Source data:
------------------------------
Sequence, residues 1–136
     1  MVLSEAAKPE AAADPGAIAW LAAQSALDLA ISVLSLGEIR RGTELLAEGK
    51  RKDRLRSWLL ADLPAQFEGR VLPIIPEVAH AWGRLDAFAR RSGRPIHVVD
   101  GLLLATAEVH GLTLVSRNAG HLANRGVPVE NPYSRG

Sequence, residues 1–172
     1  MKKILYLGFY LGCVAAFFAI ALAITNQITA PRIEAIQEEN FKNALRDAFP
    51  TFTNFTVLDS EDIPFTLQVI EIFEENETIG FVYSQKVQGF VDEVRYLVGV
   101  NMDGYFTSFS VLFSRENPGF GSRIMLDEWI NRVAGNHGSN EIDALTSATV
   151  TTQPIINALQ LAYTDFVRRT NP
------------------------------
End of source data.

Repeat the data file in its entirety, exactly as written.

Sequence, residues 1–136
     1  MVLSEAAKPE AAADPGAIAW LAAQSALDLA ISVLSLGEIR RGTELLAEGK
    51  RKDRLRSWLL ADLPAQFEGR VLPIIPEVAH AWGRLDAFAR RSGRPIHVVD
   101  GLLLATAEVH GLTLVSRNAG HLANRGVPVE NPYSRG

Sequence, residues 1–172
     1  MKKILYLGFY LGCVAAFFAI ALAITNQITA PRIEAIQEEN FKNALRDAFP
    51  TFTNFTVLDS EDIPFTLQVI EIFEENETIG FVYSQKVQGF VDEVRYLVGV
   101  NMDGYFTSFS VLFSRENPGF GSRIMLDEWI NRVAGNHGSN EIDALTSATV
   151  TTQPIINALQ LAYTDFVRRT NP